Andrew Curry and Andy Stubbings write: The Shell Oil futures guru Pierre Wack described his work as being about “the gentle art of reperceiving”, and the type of work that Alex Steer has laid out in his four blog posts this week on the future of social networks is about changing perceptions by improving anticiption. We can’t know the future, but we can improve our understanding of the present and our ability to respond to change. Better anticipation, in short, increases both the depth and the breadth of vision.

So what do the six social media Pivot Points (here and here), and the tensions they represent for users, tell us about the future of social networks?

The Future of Facebook

Looking first at Facebook, it says that the model at the heart of Facebook (One for All-Big Net-TurnOn-Open Hand) may not persist. Alternative futures, for example, include a version in which ‘One for Each’ emerges as more valuable and its Connect system becomes its biggest asset, the ‘invisible social layer’ which connects other web and mobile properties, a valuable utility, without maintaining a huge public presence itself. A less promising future sees Facebook losing out as users start to value privacy and specificity more online (Tight Knit-Closed Fist-One for Each), and drift away, leaving the social network as a legacy “first generation” social network. Somewhere in between these is a future in which Facebook is less of a warehouse, and more a series of rooms, in which the tensions between One for All and One for Each are more finely balanced. In this model, it becomes a series of smaller tighter circles, but with ease of movement between them. But of course, this is also the space into which Google+ has pushed itself into with its ‘Circles” model.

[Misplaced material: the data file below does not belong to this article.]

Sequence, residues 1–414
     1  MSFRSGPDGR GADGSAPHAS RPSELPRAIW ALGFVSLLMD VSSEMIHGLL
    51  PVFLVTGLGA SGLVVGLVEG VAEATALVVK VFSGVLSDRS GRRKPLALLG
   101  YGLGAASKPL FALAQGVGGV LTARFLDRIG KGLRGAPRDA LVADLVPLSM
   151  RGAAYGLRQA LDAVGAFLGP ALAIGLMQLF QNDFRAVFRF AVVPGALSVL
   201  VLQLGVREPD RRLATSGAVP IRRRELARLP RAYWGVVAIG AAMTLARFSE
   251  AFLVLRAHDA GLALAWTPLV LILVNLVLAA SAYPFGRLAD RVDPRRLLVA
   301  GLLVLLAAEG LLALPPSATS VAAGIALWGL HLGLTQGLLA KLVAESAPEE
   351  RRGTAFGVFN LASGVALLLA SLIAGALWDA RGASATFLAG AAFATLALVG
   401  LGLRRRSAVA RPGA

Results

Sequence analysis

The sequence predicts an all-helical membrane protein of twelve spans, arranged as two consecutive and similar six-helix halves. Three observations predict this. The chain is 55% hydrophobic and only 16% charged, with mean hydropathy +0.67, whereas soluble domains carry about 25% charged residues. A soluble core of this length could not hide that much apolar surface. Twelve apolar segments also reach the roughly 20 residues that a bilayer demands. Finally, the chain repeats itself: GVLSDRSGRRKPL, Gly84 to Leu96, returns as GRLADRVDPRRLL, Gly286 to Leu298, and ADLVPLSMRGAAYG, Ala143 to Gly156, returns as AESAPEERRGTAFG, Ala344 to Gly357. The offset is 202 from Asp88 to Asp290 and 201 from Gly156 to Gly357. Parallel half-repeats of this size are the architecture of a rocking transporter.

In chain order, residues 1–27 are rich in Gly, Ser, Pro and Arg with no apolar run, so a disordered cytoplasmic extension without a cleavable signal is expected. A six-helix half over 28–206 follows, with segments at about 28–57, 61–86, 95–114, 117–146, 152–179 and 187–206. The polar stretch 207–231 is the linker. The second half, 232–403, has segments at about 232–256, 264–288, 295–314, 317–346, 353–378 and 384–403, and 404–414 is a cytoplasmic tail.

Innovation spaces

Interrogating the Pivot Points, combining them in ways which stretch thinking, also starts to throw up some interesting innovation spaces.  To pick up a few here:

One strong possibility emerges from this overview: that marketers may look back at this early development stage of the social network with nostalgia, even amazement. It is not at all clear that the current dominant model, which emphasises mass engagement and openness, will persist at its current scale. In most of the futures which emerge from our thinking about the pivot points, marketers have to work harder, and smarter, to reach people who are more resistant to marketing.

Andrew Curry and Andy Stubbings lead The Futures Company’s thought leadership team on the future of media and technology. They are currently working on a report on ‘Technology 2020’. The earlier posts in this series on the future of social networking start here. The cartoon at the top of this post is by Jenna Cotton, was published by the Canadian University Press Newswire, and is used with thanks.

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